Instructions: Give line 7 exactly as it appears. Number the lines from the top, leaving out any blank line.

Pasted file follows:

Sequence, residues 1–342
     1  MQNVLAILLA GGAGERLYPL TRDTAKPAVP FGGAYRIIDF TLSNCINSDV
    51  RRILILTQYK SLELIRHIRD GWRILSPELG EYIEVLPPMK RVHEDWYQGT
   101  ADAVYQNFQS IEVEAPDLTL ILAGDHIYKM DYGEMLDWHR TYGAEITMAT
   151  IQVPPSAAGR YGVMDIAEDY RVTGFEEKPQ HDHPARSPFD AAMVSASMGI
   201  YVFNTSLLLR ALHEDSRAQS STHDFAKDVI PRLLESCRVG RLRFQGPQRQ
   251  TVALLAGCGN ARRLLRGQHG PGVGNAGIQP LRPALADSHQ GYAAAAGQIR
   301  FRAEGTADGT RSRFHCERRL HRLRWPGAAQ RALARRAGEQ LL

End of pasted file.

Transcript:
   251  TVALLAGCGN ARRLLRGQHG PGVGNAGIQP LRPALADSHQ GYAAAAGQIR